ROSEBURG, Ore. - On Saturday, November 25, Brandon Belcher was arrested and accused of three counts of first-degree rape.
The woman he was allegedly abusing claimed he raped her 40 times in three weeks. Police said she finally found justice after walking around Walmart with him whispering to customers and employees to "call the police," and showing them a note in her hand that said the same.
Many people in the community had been wondering why she didn't or wasn't able to come forward sooner.
KEZI spoke with the Battered Persons' Advocacy to learn more about what kind of services are offered in the area for victims and why it may take time for them to be able to come forward.
Melanie Prummer, the executive director of the Battered Persons' Advocacy, said there are many reasons that people are unable to leave abusive situations. A lot of the time it's because they would be in danger if they did.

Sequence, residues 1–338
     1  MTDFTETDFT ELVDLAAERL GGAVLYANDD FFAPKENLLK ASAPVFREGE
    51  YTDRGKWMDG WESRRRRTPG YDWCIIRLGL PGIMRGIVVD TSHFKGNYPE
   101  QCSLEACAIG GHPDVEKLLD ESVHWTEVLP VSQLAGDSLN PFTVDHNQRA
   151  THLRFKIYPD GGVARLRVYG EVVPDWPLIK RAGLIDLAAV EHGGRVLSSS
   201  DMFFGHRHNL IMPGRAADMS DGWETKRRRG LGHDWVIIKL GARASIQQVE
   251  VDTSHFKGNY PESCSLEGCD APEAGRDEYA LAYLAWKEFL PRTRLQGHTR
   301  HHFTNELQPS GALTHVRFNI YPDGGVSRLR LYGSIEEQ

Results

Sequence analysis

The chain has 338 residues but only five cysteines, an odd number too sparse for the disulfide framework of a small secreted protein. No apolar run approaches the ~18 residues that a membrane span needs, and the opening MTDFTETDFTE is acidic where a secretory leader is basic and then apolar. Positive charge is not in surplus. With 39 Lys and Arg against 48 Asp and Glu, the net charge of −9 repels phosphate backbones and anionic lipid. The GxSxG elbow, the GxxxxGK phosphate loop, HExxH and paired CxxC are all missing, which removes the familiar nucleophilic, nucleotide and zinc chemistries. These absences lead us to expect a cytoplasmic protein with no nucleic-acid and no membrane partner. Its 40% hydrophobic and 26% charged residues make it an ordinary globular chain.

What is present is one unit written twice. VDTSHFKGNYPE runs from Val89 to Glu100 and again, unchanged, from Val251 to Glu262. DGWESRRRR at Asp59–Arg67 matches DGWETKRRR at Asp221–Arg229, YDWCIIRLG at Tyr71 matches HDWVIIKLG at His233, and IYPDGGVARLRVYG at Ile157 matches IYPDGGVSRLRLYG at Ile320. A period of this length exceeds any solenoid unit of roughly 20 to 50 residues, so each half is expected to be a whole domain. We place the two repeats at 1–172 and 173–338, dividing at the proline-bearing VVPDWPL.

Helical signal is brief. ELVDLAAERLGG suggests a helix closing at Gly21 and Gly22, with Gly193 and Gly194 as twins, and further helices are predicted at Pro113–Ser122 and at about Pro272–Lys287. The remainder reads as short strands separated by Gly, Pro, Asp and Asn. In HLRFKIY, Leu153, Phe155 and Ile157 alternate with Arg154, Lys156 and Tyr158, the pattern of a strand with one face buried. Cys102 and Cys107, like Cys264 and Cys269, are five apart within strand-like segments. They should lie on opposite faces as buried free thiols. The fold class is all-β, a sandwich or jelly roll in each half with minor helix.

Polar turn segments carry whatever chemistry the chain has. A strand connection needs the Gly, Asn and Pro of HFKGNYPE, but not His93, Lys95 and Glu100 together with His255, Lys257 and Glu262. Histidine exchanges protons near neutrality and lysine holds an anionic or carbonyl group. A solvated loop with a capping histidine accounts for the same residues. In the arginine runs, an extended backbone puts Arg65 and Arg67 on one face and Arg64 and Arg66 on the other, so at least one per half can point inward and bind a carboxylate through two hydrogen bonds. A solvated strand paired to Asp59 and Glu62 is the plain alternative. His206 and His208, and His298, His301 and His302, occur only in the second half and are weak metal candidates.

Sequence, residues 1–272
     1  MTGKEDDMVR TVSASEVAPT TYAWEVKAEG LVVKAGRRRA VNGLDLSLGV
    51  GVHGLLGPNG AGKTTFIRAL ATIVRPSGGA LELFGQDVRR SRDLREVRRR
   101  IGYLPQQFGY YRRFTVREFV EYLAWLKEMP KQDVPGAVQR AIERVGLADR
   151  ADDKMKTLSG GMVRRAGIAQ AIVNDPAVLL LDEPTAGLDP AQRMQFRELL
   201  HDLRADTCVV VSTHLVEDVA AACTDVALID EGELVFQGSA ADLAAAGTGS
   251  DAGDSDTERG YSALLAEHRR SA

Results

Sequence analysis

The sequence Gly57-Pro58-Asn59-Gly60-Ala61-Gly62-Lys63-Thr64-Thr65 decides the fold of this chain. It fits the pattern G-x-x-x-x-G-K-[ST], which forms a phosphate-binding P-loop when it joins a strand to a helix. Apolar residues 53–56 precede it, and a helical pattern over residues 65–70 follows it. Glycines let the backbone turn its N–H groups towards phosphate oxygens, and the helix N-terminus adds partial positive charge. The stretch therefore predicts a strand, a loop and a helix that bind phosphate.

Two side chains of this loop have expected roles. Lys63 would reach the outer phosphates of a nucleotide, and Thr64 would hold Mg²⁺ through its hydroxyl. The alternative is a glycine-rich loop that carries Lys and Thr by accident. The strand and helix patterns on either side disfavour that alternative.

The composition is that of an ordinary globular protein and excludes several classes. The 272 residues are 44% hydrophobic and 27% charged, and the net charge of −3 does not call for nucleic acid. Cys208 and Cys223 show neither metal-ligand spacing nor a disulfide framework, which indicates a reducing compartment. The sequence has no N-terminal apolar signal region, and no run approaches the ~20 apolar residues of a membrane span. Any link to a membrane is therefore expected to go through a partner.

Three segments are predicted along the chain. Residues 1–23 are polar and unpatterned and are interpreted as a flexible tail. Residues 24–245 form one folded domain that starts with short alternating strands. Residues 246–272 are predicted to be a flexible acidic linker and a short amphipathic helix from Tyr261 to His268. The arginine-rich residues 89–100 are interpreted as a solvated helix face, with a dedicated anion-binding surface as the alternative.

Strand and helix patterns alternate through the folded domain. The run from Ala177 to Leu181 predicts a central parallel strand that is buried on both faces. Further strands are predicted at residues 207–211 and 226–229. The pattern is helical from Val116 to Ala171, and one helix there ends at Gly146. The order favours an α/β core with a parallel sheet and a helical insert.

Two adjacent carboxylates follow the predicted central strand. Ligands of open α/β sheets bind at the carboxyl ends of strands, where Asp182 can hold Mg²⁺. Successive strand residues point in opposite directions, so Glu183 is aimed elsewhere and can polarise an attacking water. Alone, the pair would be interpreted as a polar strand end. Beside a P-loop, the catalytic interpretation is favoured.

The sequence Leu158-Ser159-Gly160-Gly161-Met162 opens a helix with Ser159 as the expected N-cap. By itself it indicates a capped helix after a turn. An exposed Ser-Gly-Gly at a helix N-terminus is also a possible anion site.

”Abuse is about power and control, and so when someone’s losing that power and control we tend to see things escalate," said Prummer.
She said residents of Douglas County can always use the Battered Persons' Advocacy as a resource.
Their advocates are trained and their services are confidential.
You can walk in or make an appointment at their office between the hours of 8:30 am and 5 pm. It's located at 1202 SE Douglas Ave, Roseburg, OR 97471.
You can also call their 24-hour hotline at 541-673-7867 or 1-800-464-6543.
Prummer said she wants victims to know that they're not alone in this, and they can get the help they need.
- Douglas County shows resources for victims of abuse
- Douglas County man admits to abusing 5-year-old relative
- Douglas County man accused of rape, sexual abuse of minor
- Douglas County voters are starting to show up
- Douglas County ends recycling services
- Gunfire exchanged in Douglas County
- Naloxone addresses the Douglas County opioid epidemic
- Flu season has officially hit Douglas County
- Douglas County gallery holds student art exhibit
- Douglas County fire hydrant maintenance and flushing